Fast and free shipping on orders over $180
Shopping Cart

Lion’s Mane Mushroom Habitat

By Dr. Ramon Velazquez Ph.D.

Lions Mane mushroom prefers dead hardwood as a natural habitat. Oak, walnut, beech, maple, and sycamore tree are all ideal for this fungus. Lions mane (Hericium species) is common during late summer and fall in forests of Europe, North America and Asia.

In this article, we’ll explain the natural habitat of lion’s mane, where it can grow, the type of wood it prefers, how to make your own lion’s mane mushroom habitat and where you can find it in the wild.

Here’s what you need to know:

Lions Mane Mushroom Natural Habitat: What wood does it grow on?

Lion’s mane (hericium species) grows only on hardwoods. For example, lions mane mushroom can grow well on oak, maple, birch and black walnut. If you are looking for a smaller scale production of these mushrooms, you can also use poplar, tulip and willow hardwood logs.

In the wild, you’re more likely to find this fungi on decaying trees throughout North America and Canada.

Where to find Lion’s Mane Mushroom in their natural habitat?

Lion’s mane mushroom (hericium species) can be found in North America and Canada growing on dead logs in late summer and fall. Other places lions mane mushroom can be found is in the wounds of dying or dead trees. It is typically always found on hardwoods.

Lions mane is easy to identify with their white cascading spines and their natural attraction to hardwood logs. You’ll also find that they all grow together in a single clump.

Be aware that some inedible mushrooms may sometimes give the appearance of lion’s mane. Always speak with an expert if you are unsure.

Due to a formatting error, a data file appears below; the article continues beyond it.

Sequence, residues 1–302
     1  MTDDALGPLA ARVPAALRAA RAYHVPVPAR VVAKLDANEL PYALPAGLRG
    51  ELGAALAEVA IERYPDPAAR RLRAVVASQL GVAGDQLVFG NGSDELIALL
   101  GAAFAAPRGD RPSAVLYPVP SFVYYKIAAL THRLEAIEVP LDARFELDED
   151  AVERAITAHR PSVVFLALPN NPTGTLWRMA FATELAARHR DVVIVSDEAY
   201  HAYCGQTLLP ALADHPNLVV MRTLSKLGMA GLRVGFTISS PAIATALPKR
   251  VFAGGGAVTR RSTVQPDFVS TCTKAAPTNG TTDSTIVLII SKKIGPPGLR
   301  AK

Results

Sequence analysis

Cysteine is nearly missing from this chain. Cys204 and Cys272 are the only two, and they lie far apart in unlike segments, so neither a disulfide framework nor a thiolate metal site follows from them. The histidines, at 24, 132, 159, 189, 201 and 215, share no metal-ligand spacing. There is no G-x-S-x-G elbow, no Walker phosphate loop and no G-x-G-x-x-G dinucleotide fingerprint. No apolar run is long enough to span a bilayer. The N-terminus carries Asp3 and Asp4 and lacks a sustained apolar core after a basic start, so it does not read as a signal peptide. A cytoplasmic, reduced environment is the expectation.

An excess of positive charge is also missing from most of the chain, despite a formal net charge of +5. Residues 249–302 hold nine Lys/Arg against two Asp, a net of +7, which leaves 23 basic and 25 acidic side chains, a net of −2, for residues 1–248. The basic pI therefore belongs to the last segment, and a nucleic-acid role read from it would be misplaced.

lions mane natural habitat

Can you make a Lion’s Mane Mushroom habitat?

To grow Lion's Mane in a habitat, you need to start with a culture on agar, and make your own grain spawn. The process for lion's mane is the same as other species:

Grow the culture out on agar to make grain spawn, add it to a bulk substrate, and fruit.

Alternatively, you could also grow lion’s mane from a liquid culture, although you should still look to put the liquid culture on agar for long term storage and re-use.

From there, you would need to take the lions mane spawn and add it to a substrate. Hardwood sawdust with bran seems to work best, which is known as a fruiting block.

Put the fruiting block in a bag in a humid environment, cut some x’s in the side of the bag, and then put the block on it’s side on a plate. Mist inside the bag with a spray bottle a few times a day and make sure there is a lot of fresh air circulating to encourage the lions mane to grow.

The lions mane mushroom should begin to sprout out of the holes in the bag.

Lion’s Mane Mushroom Habitat: What you need to know

In summary, lions mane mushroom have a natural habitat of hardwoods. Typically walnut, beech, maple, birch and black walnut.

You’ll often find them growing on dead logs in late summer or fall in North America or Canada. This fungus may also be in the wounds of dead or dying trees.

You can make a synthetic habitat for lion’s mane mushroom via growing a culture out of agar to make grain spawn, adding it to a fruiting block and keeping it humid, aired and watered to help them grow.

However, if you want to find them in the wild, your best bet is to look for their white spines growing on dead logs in North America and Canada.

These statements have not been approved by the Food and Drug Administration. This product is not intended to diagnose, treat, cure or prevent any disease.

This article is an opinion and explanation of current research given by the author. It is not an expression of a medical diagnosis or treatment and should not be relied on as such.

The world's smartest brain supplement.

The world's smartest

Get limitless brainpower insights. Direct to your inbox.

Plus offers, discounts & early
access to sales.

Mind Lab Pro® - Facebook Icon Mind Lab Pro® - Instagram Icon Performance Lab® - LinkedIn Icon

© 2015 - 2024 Performance Lab USA Corp.
All Rights Reserved.
941 West Morse Boulevard, ste 100, Winter Park, 32789, United States

B Corp Certified

The statements on this page have not been evaluated by the Food and Drug Administration. These products are not intended to diagnose, treat, cure, or prevent disease.